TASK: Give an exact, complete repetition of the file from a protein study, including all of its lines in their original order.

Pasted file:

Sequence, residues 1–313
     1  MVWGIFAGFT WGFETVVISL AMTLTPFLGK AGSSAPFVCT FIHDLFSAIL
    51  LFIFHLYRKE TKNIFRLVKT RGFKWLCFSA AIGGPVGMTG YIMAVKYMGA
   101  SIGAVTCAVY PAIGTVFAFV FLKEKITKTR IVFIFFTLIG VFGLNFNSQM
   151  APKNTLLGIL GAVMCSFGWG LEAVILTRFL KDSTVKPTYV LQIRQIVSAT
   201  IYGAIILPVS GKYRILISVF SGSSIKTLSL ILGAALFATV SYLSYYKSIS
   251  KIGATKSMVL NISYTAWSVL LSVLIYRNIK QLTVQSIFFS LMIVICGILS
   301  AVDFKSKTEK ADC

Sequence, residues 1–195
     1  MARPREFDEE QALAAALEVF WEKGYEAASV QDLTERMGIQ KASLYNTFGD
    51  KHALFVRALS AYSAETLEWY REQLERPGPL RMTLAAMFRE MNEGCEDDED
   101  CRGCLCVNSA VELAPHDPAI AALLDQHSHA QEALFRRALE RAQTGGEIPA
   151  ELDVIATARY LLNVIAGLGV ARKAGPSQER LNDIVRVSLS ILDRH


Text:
Sequence, residues 1–313
     1  MVWGIFAGFT WGFETVVISL AMTLTPFLGK AGSSAPFVCT FIHDLFSAIL
    51  LFIFHLYRKE TKNIFRLVKT RGFKWLCFSA AIGGPVGMTG YIMAVKYMGA
   101  SIGAVTCAVY PAIGTVFAFV FLKEKITKTR IVFIFFTLIG VFGLNFNSQM
   151  APKNTLLGIL GAVMCSFGWG LEAVILTRFL KDSTVKPTYV LQIRQIVSAT
   201  IYGAIILPVS GKYRILISVF SGSSIKTLSL ILGAALFATV SYLSYYKSIS
   251  KIGATKSMVL NISYTAWSVL LSVLIYRNIK QLTVQSIFFS LMIVICGILS
   301  AVDFKSKTEK ADC

Sequence, residues 1–195
     1  MARPREFDEE QALAAALEVF WEKGYEAASV QDLTERMGIQ KASLYNTFGD
    51  KHALFVRALS AYSAETLEWY REQLERPGPL RMTLAAMFRE MNEGCEDDED
   101  CRGCLCVNSA VELAPHDPAI AALLDQHSHA QEALFRRALE RAQTGGEIPA
   151  ELDVIATARY LLNVIAGLGV ARKAGPSQER LNDIVRVSLS ILDRH